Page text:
Fake news has hit the headlines yet again as it climbs out of the realms of a disruptive irritation in our browsing experience. It is creeping into our consciousness, disrupting our politics and causing us to doubt everything we read.
Because of this, society is forming a new media paradigm and taking a more analytical view of what ‘real’ news even is. In this shifting landscape, brands and publishers are being caught in the crossfire. Recent, damaging fake news includes, an Xbox One killing a teenager, Ferrero Rocher chocolates manufactured with maggot infestations and Walmart carelessly wasting food. We now ask: are digital advertisers the latest victims of fake news?
Fake news – a dangerous distraction
These false and misleading stories are infecting every online channel and it seems no one is safe. Twitter is the most recent technology giant to face criticism as it emerges that more than 400 fake Twitter accounts had been used by the Russian Internet Research Agency (IRA) to post about Brexit. In a recent speech talking about these accounts, Theresa May’s strong statement hinted at the real danger behind these stories. She declared that Russia is seeking to “weaponise information” in an attempt to “threaten the international order on which we all depend.”
And Twitter isn’t the only social media channel to be affected by this problem. Facebook was awash with fake news running up to the US election in 2016, along with over 3,000 fake ads from the Russian IRA that Facebook states appeared to ‘amplify racial and social divisions.’ This prompted Facebook to respond with a set of steps that they are taking to improve the enforcement and transparency of ads.
Fake news creates such a reaction and is so shareable because the stories are so sensational. They use the full marketing playbook to create captivating headlines, creeping into our subconscious thoughts, playing with our insecurities and beliefs and even voicing opinions that we might not openly express.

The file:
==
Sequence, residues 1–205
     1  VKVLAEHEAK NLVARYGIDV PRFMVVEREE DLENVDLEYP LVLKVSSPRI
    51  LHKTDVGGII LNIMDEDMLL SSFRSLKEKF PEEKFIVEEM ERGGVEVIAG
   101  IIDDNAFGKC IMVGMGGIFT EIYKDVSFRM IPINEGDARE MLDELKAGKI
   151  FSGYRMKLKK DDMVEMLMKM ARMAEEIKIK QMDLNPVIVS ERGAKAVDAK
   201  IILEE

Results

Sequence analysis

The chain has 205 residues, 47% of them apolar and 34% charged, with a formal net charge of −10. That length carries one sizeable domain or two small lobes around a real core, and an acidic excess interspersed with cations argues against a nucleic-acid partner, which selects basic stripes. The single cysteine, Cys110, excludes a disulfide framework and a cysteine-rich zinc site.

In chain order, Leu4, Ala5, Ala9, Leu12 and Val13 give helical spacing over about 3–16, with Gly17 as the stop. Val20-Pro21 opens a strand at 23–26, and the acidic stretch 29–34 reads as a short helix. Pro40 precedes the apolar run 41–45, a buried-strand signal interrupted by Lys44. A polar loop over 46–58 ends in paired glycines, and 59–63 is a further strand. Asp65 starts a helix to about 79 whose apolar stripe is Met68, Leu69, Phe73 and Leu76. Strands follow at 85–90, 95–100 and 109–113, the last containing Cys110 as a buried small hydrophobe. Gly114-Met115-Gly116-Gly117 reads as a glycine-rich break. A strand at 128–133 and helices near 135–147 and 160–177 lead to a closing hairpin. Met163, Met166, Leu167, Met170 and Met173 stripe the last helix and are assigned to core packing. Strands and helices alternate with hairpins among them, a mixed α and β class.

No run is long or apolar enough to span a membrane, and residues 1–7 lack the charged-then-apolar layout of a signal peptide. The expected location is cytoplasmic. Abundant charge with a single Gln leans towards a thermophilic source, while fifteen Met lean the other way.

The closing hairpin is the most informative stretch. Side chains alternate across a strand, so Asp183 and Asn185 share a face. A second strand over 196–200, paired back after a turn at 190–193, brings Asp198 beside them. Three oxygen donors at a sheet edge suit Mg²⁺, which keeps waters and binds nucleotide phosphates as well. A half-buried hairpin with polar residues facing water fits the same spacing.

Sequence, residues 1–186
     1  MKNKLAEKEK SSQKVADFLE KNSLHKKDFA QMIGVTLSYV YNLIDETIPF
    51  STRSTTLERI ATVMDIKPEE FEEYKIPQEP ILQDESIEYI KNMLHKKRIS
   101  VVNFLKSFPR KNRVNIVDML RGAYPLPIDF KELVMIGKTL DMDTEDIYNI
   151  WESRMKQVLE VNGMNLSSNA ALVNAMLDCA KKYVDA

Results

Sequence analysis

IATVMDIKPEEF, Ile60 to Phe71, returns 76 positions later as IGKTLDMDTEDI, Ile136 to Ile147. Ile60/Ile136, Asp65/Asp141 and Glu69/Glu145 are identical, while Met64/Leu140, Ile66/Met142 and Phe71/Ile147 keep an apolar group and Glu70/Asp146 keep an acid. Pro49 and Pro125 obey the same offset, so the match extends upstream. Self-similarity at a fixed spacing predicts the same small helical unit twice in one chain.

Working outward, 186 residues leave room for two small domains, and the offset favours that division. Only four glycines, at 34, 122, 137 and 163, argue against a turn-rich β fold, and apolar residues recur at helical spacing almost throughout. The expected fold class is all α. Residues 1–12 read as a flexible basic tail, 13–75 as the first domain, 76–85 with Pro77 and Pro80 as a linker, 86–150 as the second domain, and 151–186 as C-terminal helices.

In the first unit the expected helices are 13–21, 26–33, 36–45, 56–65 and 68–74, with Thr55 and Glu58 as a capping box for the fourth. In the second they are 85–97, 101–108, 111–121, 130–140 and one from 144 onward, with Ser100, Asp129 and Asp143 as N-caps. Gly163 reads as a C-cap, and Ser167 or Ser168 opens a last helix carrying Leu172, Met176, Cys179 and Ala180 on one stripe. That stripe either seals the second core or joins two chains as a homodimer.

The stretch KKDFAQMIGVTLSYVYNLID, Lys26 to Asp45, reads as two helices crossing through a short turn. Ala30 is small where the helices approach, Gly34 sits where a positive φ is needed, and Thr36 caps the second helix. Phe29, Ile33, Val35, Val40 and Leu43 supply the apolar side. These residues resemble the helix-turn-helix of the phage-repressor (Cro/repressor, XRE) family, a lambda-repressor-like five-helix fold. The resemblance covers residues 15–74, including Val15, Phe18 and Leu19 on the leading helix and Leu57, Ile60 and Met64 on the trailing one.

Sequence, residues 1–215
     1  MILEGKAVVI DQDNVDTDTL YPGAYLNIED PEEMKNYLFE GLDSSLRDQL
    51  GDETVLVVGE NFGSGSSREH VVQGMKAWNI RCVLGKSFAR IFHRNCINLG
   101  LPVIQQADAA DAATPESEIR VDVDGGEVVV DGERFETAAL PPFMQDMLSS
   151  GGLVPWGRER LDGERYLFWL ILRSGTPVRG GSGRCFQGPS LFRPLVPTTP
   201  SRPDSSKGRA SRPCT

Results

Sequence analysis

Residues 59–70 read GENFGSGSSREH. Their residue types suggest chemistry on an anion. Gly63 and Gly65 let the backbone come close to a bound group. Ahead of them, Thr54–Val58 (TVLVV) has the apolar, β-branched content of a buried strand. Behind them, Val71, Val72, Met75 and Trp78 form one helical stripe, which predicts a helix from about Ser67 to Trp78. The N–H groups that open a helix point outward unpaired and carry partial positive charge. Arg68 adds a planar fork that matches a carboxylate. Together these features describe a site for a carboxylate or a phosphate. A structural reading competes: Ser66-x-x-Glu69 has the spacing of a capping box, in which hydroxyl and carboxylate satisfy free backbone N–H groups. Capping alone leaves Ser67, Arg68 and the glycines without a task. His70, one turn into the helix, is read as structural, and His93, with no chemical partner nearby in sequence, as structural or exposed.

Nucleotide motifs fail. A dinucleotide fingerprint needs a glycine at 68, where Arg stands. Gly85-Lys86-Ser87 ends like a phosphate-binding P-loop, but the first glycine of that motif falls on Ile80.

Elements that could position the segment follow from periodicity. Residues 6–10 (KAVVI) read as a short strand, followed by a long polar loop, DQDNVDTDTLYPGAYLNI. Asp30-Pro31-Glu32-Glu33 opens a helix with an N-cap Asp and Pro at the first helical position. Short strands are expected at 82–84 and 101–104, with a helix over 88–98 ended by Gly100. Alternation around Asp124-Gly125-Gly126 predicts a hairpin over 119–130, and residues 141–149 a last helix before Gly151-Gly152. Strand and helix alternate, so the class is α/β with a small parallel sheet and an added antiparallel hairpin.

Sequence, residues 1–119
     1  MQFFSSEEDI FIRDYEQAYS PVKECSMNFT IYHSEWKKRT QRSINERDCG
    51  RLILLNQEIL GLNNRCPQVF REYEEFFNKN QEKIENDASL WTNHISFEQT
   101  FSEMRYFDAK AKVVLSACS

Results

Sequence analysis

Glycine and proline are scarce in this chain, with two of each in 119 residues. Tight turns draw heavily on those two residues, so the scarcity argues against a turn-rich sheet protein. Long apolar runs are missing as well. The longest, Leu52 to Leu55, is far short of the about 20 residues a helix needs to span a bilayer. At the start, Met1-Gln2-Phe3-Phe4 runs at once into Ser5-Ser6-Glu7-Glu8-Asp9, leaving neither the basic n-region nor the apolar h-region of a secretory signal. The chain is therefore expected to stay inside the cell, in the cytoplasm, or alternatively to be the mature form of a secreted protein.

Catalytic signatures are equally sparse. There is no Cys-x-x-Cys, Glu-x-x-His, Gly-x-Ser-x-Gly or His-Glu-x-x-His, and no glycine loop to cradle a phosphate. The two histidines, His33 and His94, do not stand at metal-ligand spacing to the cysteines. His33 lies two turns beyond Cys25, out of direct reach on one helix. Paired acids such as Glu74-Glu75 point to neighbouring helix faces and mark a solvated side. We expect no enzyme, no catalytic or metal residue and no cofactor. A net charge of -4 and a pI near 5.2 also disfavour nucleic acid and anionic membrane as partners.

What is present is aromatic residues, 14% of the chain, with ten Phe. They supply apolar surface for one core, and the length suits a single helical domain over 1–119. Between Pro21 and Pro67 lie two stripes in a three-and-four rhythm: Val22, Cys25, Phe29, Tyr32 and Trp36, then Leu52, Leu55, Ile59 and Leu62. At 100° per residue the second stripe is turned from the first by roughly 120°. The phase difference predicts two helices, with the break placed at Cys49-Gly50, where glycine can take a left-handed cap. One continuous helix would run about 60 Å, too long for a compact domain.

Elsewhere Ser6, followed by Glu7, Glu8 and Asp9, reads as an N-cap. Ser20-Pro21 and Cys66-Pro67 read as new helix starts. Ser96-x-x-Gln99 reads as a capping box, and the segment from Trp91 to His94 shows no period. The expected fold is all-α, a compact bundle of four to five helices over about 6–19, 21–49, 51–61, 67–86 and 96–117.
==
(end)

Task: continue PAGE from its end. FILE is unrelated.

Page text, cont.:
How is fake news damaging effective and useful online advertising?
#1: Fake adverts
Accompanying fake news articles are the fake adverts that drive traffic to the content. Increasingly, consumers are beginning to question fake adverts of any kind, so-called ‘clickbait’, that drives users to a site that they weren’t expecting.
Facebook adverts are incredibly easy to create and have a very low entry budget. Although adverts are checked, a surprising number of fake adverts slip through the net.
Martin Lewis, the face of Money Saving Expert, recently approached the ASA to investigate a range of fake Facebook adverts which made false claims using his name. Although the adverts have all been removed, Lewis still feels that there is more to be done, stating: ‘It’s about time Facebook took its duties as a paid publisher seriously and faced consequences, as so many times it has breached them.’
As consumers more critically analyse and doubt the adverts that they are served, it could harm clickthrough rates for the real thing.
#2: Advertisements on fake news sites
With the rise in popularity and complexity of affiliate networks, advertisers are becoming more removed from ad placement, trusting this to third-party specialists. Promoted stories companies are growing in popularity and generating huge amounts of traffic. The two largest, Outbrain and Taboola, have a combined reach of over 1.5 billion people per month.
Using third parties to drive traffic is widespread and effective, but when fake news sites are showing impressive visitor rates, some companies are overcome with the temptation to tap into this. Whilst the majority of brands will avoid fake news sites, it’s not always that simple. Even the mainstream press has published fake news stories, where researchers haven’t spotted false sources. Fake news articles can be extensively shared and receive lots of comments and discussion which makes them seem genuine. As fake news and adverts contain elements of truth, they can be difficult to spot. One fake Russian Twitter user even made it into British papers the Sun and the Mail Online. So, can we really expect even the most well-intentioned brands to avoid fake news sites altogether?
Digital advertising continues to soar